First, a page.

I. Background

On August 3, 1995, Trencor's maintenance and production employees voted on whether the Union would serve as their exclusive collective-bargaining representative. Of 99 eligible voters, 70 voted for representation and 26 voted against. 1 Trencor filed objections to the election, but, after an administrative investigation without a hearing, the NLRB Regional Director issued a report recommending that Trencor's objections be overruled and that the Union be certified. The Board adopted the Regional Director's recommendations and certified the Union as the exclusive collective bargaining agent for the employees.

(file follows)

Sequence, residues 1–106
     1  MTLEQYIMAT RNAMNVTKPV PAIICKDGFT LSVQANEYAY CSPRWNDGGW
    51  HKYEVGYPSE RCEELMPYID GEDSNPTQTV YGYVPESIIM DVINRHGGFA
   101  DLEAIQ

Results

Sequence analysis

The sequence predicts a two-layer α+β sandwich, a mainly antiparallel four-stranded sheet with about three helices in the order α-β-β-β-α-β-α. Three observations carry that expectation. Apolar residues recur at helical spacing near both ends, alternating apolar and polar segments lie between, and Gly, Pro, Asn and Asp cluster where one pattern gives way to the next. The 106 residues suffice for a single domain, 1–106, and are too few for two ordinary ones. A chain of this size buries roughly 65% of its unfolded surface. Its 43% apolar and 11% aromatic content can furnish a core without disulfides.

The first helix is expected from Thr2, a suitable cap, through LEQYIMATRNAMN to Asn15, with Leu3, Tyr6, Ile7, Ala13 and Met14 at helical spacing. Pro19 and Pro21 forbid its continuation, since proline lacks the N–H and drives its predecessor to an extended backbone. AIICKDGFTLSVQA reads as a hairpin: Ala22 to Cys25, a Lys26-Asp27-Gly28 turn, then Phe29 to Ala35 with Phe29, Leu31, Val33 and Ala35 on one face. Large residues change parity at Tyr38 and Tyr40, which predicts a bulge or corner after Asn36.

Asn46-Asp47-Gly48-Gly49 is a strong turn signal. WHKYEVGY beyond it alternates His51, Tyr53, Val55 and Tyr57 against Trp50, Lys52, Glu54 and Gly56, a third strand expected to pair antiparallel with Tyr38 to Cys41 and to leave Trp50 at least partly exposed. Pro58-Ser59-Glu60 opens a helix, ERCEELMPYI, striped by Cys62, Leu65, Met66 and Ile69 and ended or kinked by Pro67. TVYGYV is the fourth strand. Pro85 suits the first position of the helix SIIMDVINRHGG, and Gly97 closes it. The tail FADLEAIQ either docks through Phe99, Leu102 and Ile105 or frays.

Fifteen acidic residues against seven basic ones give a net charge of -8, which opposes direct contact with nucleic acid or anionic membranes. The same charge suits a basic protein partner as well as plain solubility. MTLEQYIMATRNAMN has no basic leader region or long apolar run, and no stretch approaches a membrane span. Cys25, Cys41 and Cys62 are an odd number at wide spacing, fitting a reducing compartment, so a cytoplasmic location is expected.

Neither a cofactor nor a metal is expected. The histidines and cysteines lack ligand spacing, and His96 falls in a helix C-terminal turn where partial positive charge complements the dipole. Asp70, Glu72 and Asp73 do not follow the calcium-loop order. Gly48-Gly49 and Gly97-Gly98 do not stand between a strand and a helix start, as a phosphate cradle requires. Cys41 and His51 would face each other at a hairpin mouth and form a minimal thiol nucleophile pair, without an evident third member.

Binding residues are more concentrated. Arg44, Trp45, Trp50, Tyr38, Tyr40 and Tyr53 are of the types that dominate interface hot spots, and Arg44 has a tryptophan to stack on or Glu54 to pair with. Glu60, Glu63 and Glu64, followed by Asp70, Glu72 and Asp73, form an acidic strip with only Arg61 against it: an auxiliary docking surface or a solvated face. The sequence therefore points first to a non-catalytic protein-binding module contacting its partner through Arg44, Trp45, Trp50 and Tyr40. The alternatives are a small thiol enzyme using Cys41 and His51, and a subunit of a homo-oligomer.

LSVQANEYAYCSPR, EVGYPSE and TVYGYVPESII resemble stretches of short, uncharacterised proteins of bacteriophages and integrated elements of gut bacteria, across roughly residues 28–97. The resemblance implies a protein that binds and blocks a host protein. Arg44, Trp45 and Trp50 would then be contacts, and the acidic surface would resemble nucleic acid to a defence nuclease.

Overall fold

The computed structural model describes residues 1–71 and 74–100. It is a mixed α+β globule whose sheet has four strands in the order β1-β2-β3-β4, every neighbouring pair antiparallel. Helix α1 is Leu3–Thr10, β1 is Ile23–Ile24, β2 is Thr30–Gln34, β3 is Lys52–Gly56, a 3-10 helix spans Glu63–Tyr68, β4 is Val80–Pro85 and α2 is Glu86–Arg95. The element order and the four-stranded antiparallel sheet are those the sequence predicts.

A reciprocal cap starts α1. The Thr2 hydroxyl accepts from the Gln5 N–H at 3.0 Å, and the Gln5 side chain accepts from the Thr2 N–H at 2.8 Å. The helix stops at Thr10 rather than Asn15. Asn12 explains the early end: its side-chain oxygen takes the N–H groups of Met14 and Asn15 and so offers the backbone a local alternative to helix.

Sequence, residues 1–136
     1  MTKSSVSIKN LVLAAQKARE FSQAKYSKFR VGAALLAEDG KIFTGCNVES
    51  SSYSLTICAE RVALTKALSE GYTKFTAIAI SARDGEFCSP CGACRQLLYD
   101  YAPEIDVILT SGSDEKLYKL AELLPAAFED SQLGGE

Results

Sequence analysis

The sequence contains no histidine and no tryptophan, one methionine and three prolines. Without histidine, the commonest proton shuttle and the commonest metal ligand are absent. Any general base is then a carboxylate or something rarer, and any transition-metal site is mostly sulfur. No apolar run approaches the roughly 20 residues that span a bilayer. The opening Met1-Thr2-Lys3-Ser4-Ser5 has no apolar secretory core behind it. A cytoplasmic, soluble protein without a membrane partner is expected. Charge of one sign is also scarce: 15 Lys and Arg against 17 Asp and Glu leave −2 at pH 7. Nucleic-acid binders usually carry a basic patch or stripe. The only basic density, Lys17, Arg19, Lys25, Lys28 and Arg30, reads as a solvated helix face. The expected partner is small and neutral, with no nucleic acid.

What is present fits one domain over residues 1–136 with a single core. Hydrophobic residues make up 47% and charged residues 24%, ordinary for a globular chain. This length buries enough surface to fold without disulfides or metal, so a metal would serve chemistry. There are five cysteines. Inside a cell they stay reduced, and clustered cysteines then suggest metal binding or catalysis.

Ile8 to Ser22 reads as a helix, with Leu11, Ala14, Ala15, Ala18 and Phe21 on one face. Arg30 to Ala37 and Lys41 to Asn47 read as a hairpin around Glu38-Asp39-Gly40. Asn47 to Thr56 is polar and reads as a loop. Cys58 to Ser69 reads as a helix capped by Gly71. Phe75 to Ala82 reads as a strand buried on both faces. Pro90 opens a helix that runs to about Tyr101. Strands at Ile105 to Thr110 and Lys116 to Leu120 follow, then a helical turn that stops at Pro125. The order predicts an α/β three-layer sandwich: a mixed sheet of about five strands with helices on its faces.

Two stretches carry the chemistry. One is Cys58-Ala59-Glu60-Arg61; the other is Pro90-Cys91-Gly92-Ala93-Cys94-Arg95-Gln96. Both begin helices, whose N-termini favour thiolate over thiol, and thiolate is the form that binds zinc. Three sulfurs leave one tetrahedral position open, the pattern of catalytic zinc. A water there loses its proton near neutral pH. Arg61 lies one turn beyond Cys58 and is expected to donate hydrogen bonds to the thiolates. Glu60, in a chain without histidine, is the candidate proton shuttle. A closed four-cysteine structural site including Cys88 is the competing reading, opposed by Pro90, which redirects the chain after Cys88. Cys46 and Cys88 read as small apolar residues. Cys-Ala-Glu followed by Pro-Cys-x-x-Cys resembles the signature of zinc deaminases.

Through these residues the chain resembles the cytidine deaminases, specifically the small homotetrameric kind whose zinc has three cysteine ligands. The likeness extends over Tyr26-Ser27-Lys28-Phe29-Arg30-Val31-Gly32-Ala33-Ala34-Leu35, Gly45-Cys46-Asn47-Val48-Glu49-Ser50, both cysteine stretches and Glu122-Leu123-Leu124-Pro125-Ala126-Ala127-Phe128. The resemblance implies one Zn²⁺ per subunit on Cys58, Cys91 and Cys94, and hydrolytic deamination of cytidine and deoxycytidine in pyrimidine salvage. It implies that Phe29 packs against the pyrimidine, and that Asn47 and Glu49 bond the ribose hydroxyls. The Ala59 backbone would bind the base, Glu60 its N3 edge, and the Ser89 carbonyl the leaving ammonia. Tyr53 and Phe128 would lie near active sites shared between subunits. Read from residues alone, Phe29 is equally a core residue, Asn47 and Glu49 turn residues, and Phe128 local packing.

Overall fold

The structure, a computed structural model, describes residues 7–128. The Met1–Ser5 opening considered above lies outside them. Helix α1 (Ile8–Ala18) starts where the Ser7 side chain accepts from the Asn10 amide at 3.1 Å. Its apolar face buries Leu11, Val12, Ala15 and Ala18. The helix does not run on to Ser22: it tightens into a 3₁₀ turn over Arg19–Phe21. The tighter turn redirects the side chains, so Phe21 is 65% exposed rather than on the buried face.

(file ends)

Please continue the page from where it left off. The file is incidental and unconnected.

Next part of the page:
After certification, Trencor refused to bargain with the Union. In November 1995, the Union filed an unfair labor practice charge and the Regional Director subsequently issued an unfair labor practice complaint. Trencor's answer admitted its refusal to bargain, but alleged that Union misconduct tainted the election and that the Union's certification was invalid. In its February 26, 1996 Decision and Order, the Board granted the General Counsel's motion for summary judgment, concluding that Trencor's objections were or should have been litigated in the representation proceeding and that no new evidence or special circumstances warranted reexamination of the representation proceeding. The order affirmatively requires Trencor to bargain with the Union, post appropriate notices, and comply with the Union's requests for information.